“There’s this idea in the marketplace of starter houses. And I think people are persuading themselves to ‘just get into the market’, and buy something. There are people buying two-bedroom houses, younger couples, and I’m thinking – ‘do you not think you’re going to have children?’. That house is going to be bursting at the seams in three years,” he says. “Nothing else matters to me except affordability. And it’s not just the mortgage payments – it’s all the other housing costs. It’s the cost of having kids, and the cost of paying daycare in Toronto, because that’s another mortgage payment right there. If you have a car, you’ll need to pay care insurance on it, and you’ll need two cars if you move to the suburbs.”
Haw adds that one good tactic for young buyers is to share their space, and open up part of their home for rent, as it helps offset mortgage payments, builds equity, and provides greater financial security during market fluctuations. “Something you could do is buy a home that’s a little too big for you, and put a basement apartment into it… be creative with how you use your living space now,” she says.
Issue 3: A Lack of Affordable Renting Options
A common nugget of wisdom for young buyers is to avoid rushing into the market, and to bide their time in a rental while saving a bigger down payment – but that advice doesn’t hold in up in today’s market where the competition for rentals can be just as fierce. Rental vacancy rates are extremely low in Toronto, at just 1.7%, according to the Canada Mortgage and Housing Corporation. As a result, home seekers are finding themselves in rental bidding wars, and paying thousands each month for units in downtown locations.
“I think the lack of rentals is a huge problem. You tell people, “don’t buy, you should rent until you can afford something,’ and they look into getting a rental, and they can’t find something, and spend months and months looking – it’s a huge problem,” says Carrick. “The rental solution was a no-brainer five years ago. Now you tell people to rent and it’s just impossible.”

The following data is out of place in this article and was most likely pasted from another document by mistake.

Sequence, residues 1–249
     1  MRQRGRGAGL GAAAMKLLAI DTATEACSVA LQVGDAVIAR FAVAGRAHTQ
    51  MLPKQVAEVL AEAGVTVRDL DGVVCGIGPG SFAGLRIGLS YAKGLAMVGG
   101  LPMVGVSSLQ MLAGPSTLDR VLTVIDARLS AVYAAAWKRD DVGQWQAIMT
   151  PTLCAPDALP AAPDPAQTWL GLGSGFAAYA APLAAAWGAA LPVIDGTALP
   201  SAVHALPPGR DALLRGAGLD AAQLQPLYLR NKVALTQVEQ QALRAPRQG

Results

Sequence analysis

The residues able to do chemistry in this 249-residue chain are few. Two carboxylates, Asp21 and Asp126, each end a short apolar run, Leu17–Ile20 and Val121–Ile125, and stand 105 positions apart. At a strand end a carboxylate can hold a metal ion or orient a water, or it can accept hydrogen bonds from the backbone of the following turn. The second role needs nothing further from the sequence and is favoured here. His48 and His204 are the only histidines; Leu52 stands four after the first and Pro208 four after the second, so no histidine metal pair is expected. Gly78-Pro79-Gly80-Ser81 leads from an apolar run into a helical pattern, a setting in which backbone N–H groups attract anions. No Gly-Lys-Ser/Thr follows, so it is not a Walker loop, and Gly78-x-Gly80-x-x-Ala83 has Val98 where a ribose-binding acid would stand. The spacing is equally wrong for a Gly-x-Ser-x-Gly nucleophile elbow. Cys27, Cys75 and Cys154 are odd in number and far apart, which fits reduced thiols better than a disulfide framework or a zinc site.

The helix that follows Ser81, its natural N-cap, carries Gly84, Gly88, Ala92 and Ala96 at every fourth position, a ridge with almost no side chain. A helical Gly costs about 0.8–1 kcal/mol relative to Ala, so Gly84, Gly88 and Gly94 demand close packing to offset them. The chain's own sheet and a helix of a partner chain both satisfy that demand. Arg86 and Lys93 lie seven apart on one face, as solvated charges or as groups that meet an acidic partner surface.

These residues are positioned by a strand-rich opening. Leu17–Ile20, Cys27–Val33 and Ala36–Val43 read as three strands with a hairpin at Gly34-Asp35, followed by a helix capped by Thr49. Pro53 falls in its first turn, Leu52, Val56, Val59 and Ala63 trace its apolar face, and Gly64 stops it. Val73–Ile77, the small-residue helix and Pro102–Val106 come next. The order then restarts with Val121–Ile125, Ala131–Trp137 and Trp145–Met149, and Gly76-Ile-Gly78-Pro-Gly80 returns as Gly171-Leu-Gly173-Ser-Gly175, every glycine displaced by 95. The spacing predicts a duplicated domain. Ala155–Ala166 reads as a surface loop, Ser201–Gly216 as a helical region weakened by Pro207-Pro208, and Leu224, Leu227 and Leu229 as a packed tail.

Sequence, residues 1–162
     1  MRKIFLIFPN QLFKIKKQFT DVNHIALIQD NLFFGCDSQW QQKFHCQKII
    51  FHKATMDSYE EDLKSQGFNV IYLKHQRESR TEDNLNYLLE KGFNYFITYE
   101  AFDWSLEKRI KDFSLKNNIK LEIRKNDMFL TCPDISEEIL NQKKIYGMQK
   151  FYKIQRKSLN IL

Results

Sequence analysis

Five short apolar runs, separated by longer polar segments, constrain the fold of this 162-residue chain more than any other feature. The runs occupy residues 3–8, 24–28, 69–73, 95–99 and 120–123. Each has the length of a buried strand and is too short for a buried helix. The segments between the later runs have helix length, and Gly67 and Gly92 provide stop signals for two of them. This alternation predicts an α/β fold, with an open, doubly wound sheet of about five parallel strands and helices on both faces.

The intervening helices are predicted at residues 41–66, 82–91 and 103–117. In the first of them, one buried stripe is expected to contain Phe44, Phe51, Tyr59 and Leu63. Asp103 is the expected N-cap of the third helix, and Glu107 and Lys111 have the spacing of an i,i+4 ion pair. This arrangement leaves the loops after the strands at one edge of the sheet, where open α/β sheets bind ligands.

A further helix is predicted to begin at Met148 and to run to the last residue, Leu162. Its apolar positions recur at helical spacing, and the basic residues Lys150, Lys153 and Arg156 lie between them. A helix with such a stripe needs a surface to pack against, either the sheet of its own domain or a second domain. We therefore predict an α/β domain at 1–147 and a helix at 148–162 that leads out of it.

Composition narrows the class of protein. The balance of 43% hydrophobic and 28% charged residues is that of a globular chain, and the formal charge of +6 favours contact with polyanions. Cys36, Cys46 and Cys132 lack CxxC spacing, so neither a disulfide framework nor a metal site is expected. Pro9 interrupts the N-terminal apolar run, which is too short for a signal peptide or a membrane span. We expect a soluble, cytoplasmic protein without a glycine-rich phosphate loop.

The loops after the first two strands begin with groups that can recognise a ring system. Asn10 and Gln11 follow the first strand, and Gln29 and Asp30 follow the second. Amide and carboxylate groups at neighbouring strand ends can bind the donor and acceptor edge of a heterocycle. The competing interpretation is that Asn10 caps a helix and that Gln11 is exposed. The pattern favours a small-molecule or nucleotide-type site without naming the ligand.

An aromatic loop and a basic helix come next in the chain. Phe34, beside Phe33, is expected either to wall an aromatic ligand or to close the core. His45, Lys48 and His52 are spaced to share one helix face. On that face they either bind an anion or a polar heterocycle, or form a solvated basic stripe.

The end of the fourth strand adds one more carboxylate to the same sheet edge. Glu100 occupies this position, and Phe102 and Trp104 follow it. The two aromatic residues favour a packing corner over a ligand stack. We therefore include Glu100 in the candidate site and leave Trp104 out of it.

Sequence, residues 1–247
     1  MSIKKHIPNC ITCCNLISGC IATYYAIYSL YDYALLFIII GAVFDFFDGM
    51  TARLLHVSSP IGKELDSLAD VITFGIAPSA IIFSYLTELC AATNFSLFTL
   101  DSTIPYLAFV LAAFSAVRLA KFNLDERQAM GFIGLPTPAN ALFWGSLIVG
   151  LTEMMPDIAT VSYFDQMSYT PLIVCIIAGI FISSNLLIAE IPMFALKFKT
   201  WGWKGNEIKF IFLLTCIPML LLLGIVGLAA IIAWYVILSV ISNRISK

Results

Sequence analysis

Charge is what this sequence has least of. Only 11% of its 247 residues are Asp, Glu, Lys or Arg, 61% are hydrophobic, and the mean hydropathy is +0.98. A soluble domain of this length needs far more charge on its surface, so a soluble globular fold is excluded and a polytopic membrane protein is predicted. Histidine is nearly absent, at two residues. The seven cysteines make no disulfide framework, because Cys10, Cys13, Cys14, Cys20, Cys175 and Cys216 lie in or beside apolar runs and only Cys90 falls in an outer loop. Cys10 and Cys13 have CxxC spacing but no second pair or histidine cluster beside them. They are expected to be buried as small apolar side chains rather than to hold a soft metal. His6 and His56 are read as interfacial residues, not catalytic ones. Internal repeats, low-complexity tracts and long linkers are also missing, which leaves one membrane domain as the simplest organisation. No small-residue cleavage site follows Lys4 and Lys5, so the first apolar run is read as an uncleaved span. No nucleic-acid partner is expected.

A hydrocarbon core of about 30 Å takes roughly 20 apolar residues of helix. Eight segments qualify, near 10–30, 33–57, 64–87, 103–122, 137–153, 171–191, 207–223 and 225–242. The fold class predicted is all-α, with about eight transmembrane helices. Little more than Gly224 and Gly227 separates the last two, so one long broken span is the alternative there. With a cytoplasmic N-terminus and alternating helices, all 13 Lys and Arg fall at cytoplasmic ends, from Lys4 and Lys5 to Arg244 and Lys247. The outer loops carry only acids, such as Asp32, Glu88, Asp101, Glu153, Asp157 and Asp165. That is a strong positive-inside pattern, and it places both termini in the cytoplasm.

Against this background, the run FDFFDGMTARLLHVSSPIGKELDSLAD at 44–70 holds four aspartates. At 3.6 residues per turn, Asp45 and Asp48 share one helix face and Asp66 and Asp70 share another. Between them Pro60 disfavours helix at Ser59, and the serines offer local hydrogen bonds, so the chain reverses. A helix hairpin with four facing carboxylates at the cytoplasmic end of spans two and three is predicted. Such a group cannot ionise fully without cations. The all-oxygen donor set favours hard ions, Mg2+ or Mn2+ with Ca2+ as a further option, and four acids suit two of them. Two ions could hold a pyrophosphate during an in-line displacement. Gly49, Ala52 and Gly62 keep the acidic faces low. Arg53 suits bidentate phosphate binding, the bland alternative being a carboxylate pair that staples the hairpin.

Haw says that regulations changed decades ago are partly responsible for today’s lack of affordable housing.
“One problem about the rental situation in Toronto is around the mid 90s, they change the rules – they capped the rental increases that landlords could ask for in a year, so around that time, people stopped building rental buildings,” she says. “For developers, they couldn’t see the return and it didn’t make sense. It’s a situation where regulation came in and tried to help people by capping the rental rate increases, and instead they stopped building rental buildings. So, now we’ve got all these buildings being built, and then just sold – they’re not purpose rentals anymore, they’re condos.”
It also doesn’t help that many people view homeownership as a necessary part of the Canadian dream, eschewing rental options despite their affordability needs.
“Culturally, renting is like a filthy word – a former generational attitude is, ‘You’re just paying your landlord’s mortgage!’,” says Carrick. “But we’ve got to build up renting as a viable alternative. Right now, there’s not a lot of selection out there, and you’re going to have to look for months and months and maybe share for a while.”